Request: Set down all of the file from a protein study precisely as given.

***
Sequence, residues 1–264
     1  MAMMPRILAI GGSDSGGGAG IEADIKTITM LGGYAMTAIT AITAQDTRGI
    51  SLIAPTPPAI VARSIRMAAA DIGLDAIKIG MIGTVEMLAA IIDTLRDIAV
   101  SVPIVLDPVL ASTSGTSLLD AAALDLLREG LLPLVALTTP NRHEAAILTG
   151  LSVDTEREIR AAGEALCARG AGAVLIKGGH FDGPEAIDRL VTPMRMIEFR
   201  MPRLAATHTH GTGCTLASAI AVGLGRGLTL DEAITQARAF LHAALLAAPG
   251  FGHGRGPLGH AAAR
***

Sequence, residues 1–264
     1  MAMMPRILAI GGSDSGGGAG IEADIKTITM LGGYAMTAIT AITAQDTRGI
    51  SLIAPTPPAI VARSIRMAAA DIGLDAIKIG MIGTVEMLAA IIDTLRDIAV
   101  SVPIVLDPVL ASTSGTSLLD AAALDLLREG LLPLVALTTP NRHEAAILTG
   151  LSVDTEREIR AAGEALCARG AGAVLIKGGH FDGPEAIDRL VTPMRMIEFR
   201  MPRLAATHTH GTGCTLASAI AVGLGRGLTL DEAITQARAF LHAALLAAPG
   251  FGHGRGPLGH AAAR